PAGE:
Apparently reacting to a report published in yesterday issue of LEADERSHIP, the United Kingdom yesterday said it was disposed to a petroleum industry bill that will focus on helping Nigeria, rather than serve foreign oil companies.
The United Kingdom's business secretary Vince Cable was yesterday quoted by the Associated Press as saying, "the bill to overhaul Nigeria's oil industry should be focused on what helps the West African nation, rather than what benefits the foreign oil companies working there".
The position advanced by Vince Cable while a visit to Lagos is a "departure from what Western diplomats have said in the past about the Petroleum Industry Bill, which analysts say would sharply reduce the profits of foreign companies like Chevron Corp., ExxonMobil Corp., Eni SpA, Royal Dutch Shell PLC and Total SA.
Diplomats largely have supported the position of the oil companies in a nation that remains crucial to U.S. gasoline supplies. Cable, speaking before business leaders gathered at a breakfast meeting yesterday, said the overhaul bill could help transparency and accountability efforts in the nation. The bill would require the government-run Nigerian National Petroleum Corporation, which partners with all foreign oil firms, to seek profits like a private business and not rely on government subsidies.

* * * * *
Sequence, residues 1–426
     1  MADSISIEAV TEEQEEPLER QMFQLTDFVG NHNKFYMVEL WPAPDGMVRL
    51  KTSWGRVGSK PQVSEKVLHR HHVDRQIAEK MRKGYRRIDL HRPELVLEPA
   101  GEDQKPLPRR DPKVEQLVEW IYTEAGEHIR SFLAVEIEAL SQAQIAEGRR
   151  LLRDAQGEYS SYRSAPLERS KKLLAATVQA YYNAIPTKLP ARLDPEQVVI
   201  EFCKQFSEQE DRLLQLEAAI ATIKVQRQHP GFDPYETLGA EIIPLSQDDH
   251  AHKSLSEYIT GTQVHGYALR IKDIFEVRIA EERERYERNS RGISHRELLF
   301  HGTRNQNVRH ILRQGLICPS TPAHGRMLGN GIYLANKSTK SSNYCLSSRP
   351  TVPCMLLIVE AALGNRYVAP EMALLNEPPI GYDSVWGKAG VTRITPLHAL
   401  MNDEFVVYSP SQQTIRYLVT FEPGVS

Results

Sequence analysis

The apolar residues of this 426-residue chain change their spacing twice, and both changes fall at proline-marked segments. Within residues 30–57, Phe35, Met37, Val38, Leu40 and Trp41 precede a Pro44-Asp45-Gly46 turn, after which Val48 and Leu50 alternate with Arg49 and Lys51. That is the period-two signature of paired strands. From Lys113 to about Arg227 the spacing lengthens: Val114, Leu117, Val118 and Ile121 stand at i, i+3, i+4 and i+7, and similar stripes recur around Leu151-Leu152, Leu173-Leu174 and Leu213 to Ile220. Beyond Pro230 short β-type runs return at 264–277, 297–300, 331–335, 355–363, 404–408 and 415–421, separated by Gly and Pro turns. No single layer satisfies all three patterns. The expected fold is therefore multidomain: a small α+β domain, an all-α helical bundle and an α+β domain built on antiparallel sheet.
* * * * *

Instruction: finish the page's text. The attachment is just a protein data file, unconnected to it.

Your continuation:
"The issue here is not what is good for the oil companies, but what best helps the country maximize its potential," Cable said.
However, he cautioned that the bill needs to be "well-crafted," without going into specifics.
Shell, which has strong presence in Britain and where Cable once worked as an economist, previously has said that it has put $40 billion in planned investments on hold in Nigeria over the outcome of the bill. Cable is a member of the Liberal Democrats, the junior partner to the Conservatives in Britain's coalition government.
It remains unclear, however, whether the oil overhaul bill has the traction necessary to move from proposal to law. The bill has languished for years before Nigeria's National Assembly, despite claims by various leaders, including President Goodluck Jonathan, that it quickly would win lawmakers' approval.
Cable, who once worked as an economics adviser to Kenya's government, also highlighted Africa's recent economic resurgence despite the global recession. He sat next to billionaire businessman Aliko Dangote during the event Monday in Lagos.
He acknowledged that British firms have backed away from marquee road projects and other improvements in Africa, in part out of not being paid for work in the past. He made the comments inside the Oriental Hotel, a massive new building recently built in Lagos by Chinese construction companies.